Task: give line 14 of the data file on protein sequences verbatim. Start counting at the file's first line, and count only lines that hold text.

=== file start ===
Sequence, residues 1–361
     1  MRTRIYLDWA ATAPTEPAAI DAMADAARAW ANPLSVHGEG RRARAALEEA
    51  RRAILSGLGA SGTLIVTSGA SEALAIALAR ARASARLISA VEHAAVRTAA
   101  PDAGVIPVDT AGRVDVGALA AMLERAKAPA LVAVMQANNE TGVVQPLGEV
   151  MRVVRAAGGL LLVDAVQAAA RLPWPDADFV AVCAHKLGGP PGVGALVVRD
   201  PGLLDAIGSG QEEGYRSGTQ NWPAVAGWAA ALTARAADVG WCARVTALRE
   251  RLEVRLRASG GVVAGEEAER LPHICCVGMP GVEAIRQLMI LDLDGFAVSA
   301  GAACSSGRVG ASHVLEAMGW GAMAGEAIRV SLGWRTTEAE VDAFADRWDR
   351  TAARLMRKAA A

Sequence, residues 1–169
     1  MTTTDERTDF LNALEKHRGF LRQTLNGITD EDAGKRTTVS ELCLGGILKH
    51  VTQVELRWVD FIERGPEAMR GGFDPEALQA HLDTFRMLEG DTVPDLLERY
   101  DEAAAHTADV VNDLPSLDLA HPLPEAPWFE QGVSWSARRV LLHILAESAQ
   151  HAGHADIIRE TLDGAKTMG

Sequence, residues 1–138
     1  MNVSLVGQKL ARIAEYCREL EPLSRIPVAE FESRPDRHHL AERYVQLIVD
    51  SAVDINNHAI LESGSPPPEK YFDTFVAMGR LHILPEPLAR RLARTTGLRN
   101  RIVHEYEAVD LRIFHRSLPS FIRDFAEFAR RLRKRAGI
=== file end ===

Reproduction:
   151  HAGHADIIRE TLDGAKTMG